• The assessment helps guide well users on what they can do themselves and what steps a licensed professional should take care of. There are multiple steps to ensuring safe drinking water including repairing and replacing damaged well components, re-pressurizing and refilling the well, flushing water lines, treating the well for microbial contaminants and testing.
  • Property owners can select from a list of approved environmental laboratories in Oregon and OHA that will provide vouchers for testing services. The deadline for these vouchers is May 15, 2021. For questions or more information, please visit healthoregon.org/wells.

Wildfire Recovery Resources

OEM has put together this list of contacts to help speed up the process of replacing these documents:

  • Green cards: Phone (800)-375-5283; Website: www.uscis.gov
  • Medicare cards: Phone: (800)-772-1213; (TTY) (800)-325-0778 Website: www.medicare.gov
  • Military records Phone: 866-272-6272 Website: www.archives.gov/contact/
  • Passport Phone: 877-487-2778; (TTY) 888-874-7793 Website: travel.state.gov
  • Social Security card Phone: 800-772-1213; (TTY) 800-325-0778 Website: www.ssa.gov
  • U.S. Savings Bonds Phone: 844-284-2676 Website: www.treasurydirect.gov
  • U.S. tax returns Phone: 800-829-1040 Website: www.irs.gov
  • Birth, death, marriage, domestic partnership, divorce certificates Phone: 888-896-4988 Website: www.oregon.gov/oha/PH/Birthdeathcertificates
  • Driver’s license, auto titles and registration, ID cards Phone: 503-945-5000 Website: www.oregon.gov/odot
  • SNAP (Oregon Trail Card) Website: www.oregon.gov/DHS/Assistance/Food-Benefits
  • State taxes (Oregon Dept. of Revenue) Phone: 503-378-4988 or 800-356-4222 TTY: All relay calls are accepted. Website: www.oregon.gov/dor
  • Real estate and property - Contact your county government.
  • Credit cards - Contact your credit card company directly.
  • Credit reports from Equifax, Experian, TransUnion Phone: 877-322-8228 Website: www.annualcreditreport.com
  • Insurance documents - Check with your insurance agent.
  • Medical records - Call your doctor or your medical insurance company; medical and prescription records are tracked electronically.

The Governor’s office has put together a Wildfire Resources page that you can access from the Governor’s home page.  It has links to many of the most important updates about the status of fires and resources for evacuees.  This website will be updated regularly.  

Legal Resources: Oregon State Bar’s Lawyer Referral Program, Oregon lawyers, through the Oregon State Bar, are partnering with FEMA and the American Red Cross to provide legal assistance on FEMA claims, contract claims, insurance claims, landlord-tenant matters and more.

The Department of Forestry’s Wildfire Response and Recovery Overview has ongoing updates about firefighting efforts, damage reports, and more.  

FEMA Updates: FEMA has provided several different Fact Sheets and resources for accessing benefits, determining eligibility and avoiding scams.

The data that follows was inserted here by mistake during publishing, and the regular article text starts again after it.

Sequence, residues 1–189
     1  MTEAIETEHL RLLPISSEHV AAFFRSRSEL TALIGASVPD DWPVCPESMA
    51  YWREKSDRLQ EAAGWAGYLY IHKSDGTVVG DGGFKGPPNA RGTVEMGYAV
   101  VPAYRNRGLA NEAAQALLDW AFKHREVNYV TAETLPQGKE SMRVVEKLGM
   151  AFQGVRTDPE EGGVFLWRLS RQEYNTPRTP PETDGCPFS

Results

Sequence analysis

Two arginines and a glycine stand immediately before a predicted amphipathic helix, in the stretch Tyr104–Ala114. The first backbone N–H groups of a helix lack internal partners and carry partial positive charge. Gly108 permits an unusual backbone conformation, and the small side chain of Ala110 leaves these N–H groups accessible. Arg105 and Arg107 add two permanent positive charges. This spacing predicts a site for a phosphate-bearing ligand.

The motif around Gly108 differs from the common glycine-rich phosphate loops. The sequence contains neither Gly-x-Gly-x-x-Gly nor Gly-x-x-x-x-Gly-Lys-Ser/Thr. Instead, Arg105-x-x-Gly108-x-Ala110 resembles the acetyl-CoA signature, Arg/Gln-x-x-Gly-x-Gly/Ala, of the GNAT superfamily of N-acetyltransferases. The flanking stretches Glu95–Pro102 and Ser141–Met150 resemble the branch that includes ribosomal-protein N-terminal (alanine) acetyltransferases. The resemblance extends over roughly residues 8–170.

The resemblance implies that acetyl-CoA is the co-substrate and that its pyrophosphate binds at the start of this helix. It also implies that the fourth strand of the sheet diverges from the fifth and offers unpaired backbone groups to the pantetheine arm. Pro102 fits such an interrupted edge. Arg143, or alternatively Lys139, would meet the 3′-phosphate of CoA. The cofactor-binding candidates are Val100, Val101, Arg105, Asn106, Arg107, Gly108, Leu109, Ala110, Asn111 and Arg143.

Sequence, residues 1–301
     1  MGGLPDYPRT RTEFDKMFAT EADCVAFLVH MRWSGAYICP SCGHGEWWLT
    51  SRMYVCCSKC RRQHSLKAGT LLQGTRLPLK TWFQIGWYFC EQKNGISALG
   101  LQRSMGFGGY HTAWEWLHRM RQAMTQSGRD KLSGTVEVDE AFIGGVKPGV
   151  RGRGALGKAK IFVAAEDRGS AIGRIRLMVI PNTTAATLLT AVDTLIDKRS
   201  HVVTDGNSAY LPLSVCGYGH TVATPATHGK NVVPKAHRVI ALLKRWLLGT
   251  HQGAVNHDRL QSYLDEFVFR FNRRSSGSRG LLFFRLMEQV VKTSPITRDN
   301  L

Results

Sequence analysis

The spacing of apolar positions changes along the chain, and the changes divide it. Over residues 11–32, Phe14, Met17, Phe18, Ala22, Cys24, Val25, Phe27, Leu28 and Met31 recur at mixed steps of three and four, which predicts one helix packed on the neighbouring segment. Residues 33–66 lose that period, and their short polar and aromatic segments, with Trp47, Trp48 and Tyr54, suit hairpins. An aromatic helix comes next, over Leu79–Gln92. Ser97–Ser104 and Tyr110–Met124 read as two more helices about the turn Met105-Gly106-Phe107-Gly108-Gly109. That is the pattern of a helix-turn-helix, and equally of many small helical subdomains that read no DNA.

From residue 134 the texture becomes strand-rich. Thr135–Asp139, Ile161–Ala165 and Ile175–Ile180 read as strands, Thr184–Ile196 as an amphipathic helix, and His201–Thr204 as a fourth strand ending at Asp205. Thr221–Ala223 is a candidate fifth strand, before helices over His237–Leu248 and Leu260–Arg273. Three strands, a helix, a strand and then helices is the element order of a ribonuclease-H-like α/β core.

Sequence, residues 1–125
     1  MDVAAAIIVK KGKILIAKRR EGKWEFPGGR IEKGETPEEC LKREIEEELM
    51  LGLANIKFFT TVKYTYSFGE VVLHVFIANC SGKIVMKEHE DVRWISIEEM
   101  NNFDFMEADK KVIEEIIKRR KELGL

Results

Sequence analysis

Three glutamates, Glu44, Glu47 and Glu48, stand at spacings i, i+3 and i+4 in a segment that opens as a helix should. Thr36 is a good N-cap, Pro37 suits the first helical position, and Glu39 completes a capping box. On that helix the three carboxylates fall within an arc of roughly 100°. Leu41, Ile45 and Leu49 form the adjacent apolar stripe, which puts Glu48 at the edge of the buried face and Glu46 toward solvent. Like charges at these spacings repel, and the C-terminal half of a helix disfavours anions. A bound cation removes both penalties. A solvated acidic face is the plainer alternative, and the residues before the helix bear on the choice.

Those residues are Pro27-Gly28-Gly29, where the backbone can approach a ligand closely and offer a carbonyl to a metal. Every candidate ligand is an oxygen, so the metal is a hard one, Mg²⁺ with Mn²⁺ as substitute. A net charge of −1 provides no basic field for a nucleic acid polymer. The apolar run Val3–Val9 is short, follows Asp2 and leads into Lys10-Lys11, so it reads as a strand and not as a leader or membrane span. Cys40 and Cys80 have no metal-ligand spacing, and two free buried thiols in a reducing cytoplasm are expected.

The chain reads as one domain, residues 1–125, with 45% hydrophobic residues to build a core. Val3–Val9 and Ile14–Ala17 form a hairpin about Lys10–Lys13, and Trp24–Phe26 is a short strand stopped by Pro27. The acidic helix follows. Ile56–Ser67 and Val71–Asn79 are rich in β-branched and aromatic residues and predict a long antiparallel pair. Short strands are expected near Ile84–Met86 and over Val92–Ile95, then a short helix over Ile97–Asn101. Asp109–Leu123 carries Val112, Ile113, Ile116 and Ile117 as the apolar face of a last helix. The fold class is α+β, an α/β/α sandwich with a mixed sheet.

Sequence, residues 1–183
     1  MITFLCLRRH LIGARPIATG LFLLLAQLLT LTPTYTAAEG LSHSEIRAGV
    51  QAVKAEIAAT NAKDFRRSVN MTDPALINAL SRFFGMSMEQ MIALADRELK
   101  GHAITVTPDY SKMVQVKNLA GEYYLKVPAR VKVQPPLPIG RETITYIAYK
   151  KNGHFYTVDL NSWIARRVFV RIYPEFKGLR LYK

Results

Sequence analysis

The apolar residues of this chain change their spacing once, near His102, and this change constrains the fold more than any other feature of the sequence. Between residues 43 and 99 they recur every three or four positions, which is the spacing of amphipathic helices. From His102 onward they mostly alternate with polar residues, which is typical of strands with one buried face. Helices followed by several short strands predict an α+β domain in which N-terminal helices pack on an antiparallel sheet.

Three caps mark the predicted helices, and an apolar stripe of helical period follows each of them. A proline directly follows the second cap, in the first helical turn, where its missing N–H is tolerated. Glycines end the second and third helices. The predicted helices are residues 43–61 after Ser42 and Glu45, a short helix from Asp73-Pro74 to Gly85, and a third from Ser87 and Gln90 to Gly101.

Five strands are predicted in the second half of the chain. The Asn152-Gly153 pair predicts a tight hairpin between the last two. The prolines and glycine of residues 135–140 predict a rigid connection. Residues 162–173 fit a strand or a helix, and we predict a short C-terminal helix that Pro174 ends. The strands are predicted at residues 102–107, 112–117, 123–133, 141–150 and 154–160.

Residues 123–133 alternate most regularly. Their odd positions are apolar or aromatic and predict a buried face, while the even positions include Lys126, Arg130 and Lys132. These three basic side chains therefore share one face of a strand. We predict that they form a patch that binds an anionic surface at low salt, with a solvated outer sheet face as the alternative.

Employment Department Updates

Oregon Employment Department agrees to settle class action lawsuit

  • A class action lawsuit against the Oregon Employment Department over long delays paying unemployment benefits is headed towards settlement.
    • The Oregon Law Center and the Employment Department announced they had reached a settlement agreement and asked for preliminary court approval.
    • In the original case, more than a dozen people sued the agency and acting Director David Gerstenfeld over payment delays that stretched for months, as well as over barriers to applying for benefits in languages other than English. At the time, there wasn’t even a Spanish language application for regular benefits available online and phone lines with access to interpreters were jammed.
    • After the agency largely paid the original petitioners’ benefits, the Oregon Law Center succeeded in turning the case into a class action lawsuit, representing tens of thousands of Oregonians who had waited more than four weeks for benefits.
  • In the proposed settlement agreement, the Employment Department commits to:
    • Meet federal timeliness standards for paying unemployment benefits by March 1, 2021
    • Meet federal timeliness standards for adjudicating claims (resolving eligibility issues) by April 1, 2021
    • Work through the adjudication backlog (as of mid-January) by March 1, 2021
    • Make its regular unemployment application available online in Spanish, with a May target date
    • Eventually provide online applications for regular unemployment benefits and Pandemic Unemployment Assistance in a minimum of ten languages
    • Provide outreach to people with limited English proficiency who were unable to access benefits because of language barriers, while allowing them to backdate claims to the extent allowed by law
  • Over the course of the lawsuit, the Employment Department described being overwhelmed by an historic flood of unemployment claims. It detailed the steps it took to process and pay them, including hiring hundreds of new staff.
  • But court documents filed in the case also revealed that the state’s adjudication backlog was larger than publicly described. That backlog contributed to the state’s immense wait times. Court documents also showed one of the steps the agency took to streamline the claims process: it decided to treat many gig workers as employees, paying them regular benefits from a state trust fund rather than federal benefits for independent contractors.
  • The Employment Department is not admitting liability as part of the proposed settlement and, in the settlement agreement, the agency denies being in violation of any laws.